By: Steve Lux We all grew up hearing the story of Robin Hood, the English character who sought the downfall of the evil Sheriff of Nottingham and the return of King Richard II. Whether you imagine Errol Flynn in tights, Kevin Costner with an always-wise Morgan Freeman by his side, or Walt Disney’s fox, the lesson to folks was the same: “robbing the rich to feed the poor.” Now, obviously, we know the Sheriff was corrupt. We know that people were starving because of excessive and unaffordable taxation by those corrupt leaders, but was Robin of Loxley right?
Everyone also knows that famous quote from Benjamin Franklin: “In this world, nothing is certain but death and taxes.” While the American people have always understood the necessity for some taxation for defense, infrastructure, and other public goods, our country has lately devolved into an economic system of excessive taxation to supplement increasing social program expenditures. Taking a hint from European socialist countries, modern America has sadly begun to pursue a Robin Hood perspective, robbing from the rich to feed the poor. It comes in the form of Democrat individual and corporate tax rate increases with the Leftist rhetoric of asking the rich “to pay their fair share.” Not only does the Republican Party platform view this as morally reprehensible, we believe it is counterproductive from an economic standpoint.
A 19th century French economist and political commentator named Frederic Bastiat popularized the concept of “legal plunder.” Starting his lesson in The Law, published originally in 1850, Bastiat described that “plunder” was the theft of someone else’s property for personal gain. But he continues by describing a situation in which the government is the thief. “When the law itself commits this act that it is supposed to suppress, I say that plunder is still committed, and I add that from the point of view of society and welfare, this aggression against rights is even worse.” If it’s illegal for an individual to steal, it’s also illegal for a government.
It was not until about 1910 that an income tax was first applied in the United States. Prior to the advent of the progressive agenda in the early 20th century, Americans understood the necessity of some taxes. In fact, according to the Bill of Rights Institute, many of the Founders held a belief in taxes on imported goods or luxury items. Mirrored in Federalist 21 by Alexander Hamilton, the consumption tax was largely used to balance the budget. Through this system of low taxes, a defense of private property rights, and historic individual freedom the United States quickly became the world’s greatest and freest economy.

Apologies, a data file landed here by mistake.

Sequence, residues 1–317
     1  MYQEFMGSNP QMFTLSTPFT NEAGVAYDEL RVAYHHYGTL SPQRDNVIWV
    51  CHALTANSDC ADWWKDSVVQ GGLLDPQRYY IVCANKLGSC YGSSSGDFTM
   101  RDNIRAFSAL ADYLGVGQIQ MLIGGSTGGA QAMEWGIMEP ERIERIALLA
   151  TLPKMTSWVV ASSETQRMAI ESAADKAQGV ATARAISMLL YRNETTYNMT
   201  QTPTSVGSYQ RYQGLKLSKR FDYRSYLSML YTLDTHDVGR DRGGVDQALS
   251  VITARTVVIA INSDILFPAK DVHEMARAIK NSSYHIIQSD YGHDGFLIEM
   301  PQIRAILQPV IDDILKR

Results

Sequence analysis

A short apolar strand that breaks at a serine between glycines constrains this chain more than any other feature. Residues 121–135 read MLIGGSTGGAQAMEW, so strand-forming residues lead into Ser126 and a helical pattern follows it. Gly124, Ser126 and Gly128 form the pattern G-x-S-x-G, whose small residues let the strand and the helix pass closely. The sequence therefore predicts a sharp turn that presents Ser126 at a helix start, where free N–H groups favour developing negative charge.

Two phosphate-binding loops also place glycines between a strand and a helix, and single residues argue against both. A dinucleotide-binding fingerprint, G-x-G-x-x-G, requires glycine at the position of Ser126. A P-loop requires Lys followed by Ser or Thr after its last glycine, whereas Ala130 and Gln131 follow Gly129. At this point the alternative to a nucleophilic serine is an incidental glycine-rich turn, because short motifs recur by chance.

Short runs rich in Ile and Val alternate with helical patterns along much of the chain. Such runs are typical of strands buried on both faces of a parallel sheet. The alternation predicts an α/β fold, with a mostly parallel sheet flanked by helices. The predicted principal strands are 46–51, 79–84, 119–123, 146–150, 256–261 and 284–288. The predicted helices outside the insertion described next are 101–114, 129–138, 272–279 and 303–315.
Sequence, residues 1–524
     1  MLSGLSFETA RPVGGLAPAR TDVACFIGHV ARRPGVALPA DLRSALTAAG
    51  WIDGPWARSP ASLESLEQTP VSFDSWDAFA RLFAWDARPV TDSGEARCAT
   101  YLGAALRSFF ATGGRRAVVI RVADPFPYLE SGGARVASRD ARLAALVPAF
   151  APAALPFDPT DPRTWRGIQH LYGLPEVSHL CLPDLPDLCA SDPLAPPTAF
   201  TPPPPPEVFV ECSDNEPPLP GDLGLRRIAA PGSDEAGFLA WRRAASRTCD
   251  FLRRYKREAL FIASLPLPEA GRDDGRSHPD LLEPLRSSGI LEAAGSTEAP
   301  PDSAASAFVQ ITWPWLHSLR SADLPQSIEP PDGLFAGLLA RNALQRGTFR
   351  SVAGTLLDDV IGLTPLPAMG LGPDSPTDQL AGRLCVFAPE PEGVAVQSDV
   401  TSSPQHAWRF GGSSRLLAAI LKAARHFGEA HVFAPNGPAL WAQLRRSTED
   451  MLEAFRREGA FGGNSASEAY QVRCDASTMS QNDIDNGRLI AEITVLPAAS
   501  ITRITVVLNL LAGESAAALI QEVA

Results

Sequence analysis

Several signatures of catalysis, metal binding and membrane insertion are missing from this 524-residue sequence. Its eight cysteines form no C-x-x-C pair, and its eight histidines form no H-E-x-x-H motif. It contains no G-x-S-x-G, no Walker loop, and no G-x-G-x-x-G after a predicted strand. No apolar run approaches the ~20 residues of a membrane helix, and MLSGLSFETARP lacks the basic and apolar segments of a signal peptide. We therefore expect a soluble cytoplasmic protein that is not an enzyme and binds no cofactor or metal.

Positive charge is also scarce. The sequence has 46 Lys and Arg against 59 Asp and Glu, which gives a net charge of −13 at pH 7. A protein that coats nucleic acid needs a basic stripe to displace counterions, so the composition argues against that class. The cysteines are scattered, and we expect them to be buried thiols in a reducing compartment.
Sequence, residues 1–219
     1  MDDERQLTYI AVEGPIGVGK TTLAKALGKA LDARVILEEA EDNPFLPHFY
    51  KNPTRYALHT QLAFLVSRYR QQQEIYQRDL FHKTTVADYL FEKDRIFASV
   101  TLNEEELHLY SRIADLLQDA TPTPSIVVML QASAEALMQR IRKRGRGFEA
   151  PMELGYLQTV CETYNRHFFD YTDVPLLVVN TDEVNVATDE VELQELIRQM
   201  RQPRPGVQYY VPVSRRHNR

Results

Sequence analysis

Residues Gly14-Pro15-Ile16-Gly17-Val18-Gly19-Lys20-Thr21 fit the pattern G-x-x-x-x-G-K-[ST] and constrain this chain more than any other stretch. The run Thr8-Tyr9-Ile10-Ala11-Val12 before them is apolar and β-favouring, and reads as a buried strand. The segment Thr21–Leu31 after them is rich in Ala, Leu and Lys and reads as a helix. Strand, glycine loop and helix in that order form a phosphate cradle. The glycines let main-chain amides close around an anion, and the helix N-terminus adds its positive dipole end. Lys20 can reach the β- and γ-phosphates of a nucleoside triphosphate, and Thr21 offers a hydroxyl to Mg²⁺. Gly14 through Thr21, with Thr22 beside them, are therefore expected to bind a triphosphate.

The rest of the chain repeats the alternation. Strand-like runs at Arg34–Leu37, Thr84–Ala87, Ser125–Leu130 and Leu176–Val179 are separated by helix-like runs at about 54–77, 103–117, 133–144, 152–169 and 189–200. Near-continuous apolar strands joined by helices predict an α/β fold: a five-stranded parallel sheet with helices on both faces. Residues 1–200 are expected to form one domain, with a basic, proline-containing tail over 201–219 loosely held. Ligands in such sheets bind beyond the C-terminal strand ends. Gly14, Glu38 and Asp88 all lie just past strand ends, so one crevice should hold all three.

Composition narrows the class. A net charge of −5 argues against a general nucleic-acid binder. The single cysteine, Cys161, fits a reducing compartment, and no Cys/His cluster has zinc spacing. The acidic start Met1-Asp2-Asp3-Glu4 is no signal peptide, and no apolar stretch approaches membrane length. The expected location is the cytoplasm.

Currently, there are nine states which do not have a state income tax. Arkansas Governor Asa Hutchinson recently called a special session to consider once again lowering our State income tax. Our Republican supermajority is considering dropping the top rate of 5.9% a full percentage point to 4.9%. Further, many Republican candidates running for office in the 2022 cycle have cited the goal of eliminating the state income tax altogether at some point in the future.
Contrast our Arkansas Republican approach to that of the Democrats in Washington, DC. They are proposing to raise the corporate income tax rate from 21 to 28 percent. That would make the United States corporate tax rate the highest of any developed country in the world. Forbes writer Andrew Milsap wrote it best recently when he said, “It is important to remember that corporate taxes are paid by people.” He continued with the point that 30 to 35 percent of the taxes are indirectly levied on the employees, manifesting as lower wages. Milsap contends that the employer bears about 40 percent of the taxes and the rest is passed on to the consumer in the form of rising prices of goods. We currently see that manifested perfectly in out-of-control rates of inflation that risk accelerating to Carter-era levels. The consumer always suffers the most in the end.
Republicans know that both common sense and basic economics tell us that a free market with limited government regulation will naturally produce greater prosperity for all. More money in the pockets of business owners leads to higher wages and greater investment. When production is high and costs are low, the prices paid by consumers are much more affordable.
The “invisible hand” of the market is very real. Adam Smith’s theory on free enterprise states that the collective self-interests of consumer and business will naturally drive a prosperous economy. Quite simply, prosperity is created, not taken from someone else. Rather than robbing the rich to feed the poor, let's help the poor by producing good paying jobs for them to fill. Quite frankly, as nice of a story as it is, Robin Hood was wrong. Keep the government from robbing everyone, and the poor won't be poor anymore.